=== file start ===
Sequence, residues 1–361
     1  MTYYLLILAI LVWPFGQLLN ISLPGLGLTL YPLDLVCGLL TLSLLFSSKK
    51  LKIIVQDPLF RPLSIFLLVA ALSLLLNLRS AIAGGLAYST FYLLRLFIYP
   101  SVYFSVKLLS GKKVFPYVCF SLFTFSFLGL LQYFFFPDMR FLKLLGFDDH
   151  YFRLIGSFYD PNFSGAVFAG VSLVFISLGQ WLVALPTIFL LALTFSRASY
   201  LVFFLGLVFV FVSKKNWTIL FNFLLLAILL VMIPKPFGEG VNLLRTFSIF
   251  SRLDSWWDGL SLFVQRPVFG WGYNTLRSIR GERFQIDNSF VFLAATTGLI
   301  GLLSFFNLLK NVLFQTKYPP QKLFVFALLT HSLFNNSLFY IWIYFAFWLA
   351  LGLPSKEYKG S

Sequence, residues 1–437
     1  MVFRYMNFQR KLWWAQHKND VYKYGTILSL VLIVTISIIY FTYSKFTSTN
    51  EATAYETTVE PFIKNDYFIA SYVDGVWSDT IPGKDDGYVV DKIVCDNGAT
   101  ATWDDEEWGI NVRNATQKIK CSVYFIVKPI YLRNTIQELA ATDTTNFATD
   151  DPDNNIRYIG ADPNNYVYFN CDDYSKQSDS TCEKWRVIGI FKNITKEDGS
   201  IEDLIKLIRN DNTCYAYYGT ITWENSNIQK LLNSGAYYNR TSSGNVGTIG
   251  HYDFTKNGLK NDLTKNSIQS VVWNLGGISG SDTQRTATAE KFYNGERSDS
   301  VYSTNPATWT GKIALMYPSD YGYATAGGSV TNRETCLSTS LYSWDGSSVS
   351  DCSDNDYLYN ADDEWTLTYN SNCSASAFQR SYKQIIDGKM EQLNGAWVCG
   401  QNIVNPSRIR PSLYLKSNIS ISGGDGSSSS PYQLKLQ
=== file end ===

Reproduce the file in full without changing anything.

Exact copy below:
Sequence, residues 1–361
     1  MTYYLLILAI LVWPFGQLLN ISLPGLGLTL YPLDLVCGLL TLSLLFSSKK
    51  LKIIVQDPLF RPLSIFLLVA ALSLLLNLRS AIAGGLAYST FYLLRLFIYP
   101  SVYFSVKLLS GKKVFPYVCF SLFTFSFLGL LQYFFFPDMR FLKLLGFDDH
   151  YFRLIGSFYD PNFSGAVFAG VSLVFISLGQ WLVALPTIFL LALTFSRASY
   201  LVFFLGLVFV FVSKKNWTIL FNFLLLAILL VMIPKPFGEG VNLLRTFSIF
   251  SRLDSWWDGL SLFVQRPVFG WGYNTLRSIR GERFQIDNSF VFLAATTGLI
   301  GLLSFFNLLK NVLFQTKYPP QKLFVFALLT HSLFNNSLFY IWIYFAFWLA
   351  LGLPSKEYKG S

Sequence, residues 1–437
     1  MVFRYMNFQR KLWWAQHKND VYKYGTILSL VLIVTISIIY FTYSKFTSTN
    51  EATAYETTVE PFIKNDYFIA SYVDGVWSDT IPGKDDGYVV DKIVCDNGAT
   101  ATWDDEEWGI NVRNATQKIK CSVYFIVKPI YLRNTIQELA ATDTTNFATD
   151  DPDNNIRYIG ADPNNYVYFN CDDYSKQSDS TCEKWRVIGI FKNITKEDGS
   201  IEDLIKLIRN DNTCYAYYGT ITWENSNIQK LLNSGAYYNR TSSGNVGTIG
   251  HYDFTKNGLK NDLTKNSIQS VVWNLGGISG SDTQRTATAE KFYNGERSDS
   301  VYSTNPATWT GKIALMYPSD YGYATAGGSV TNRETCLSTS LYSWDGSSVS
   351  DCSDNDYLYN ADDEWTLTYN SNCSASAFQR SYKQIIDGKM EQLNGAWVCG
   401  QNIVNPSRIR PSLYLKSNIS ISGGDGSSSS PYQLKLQ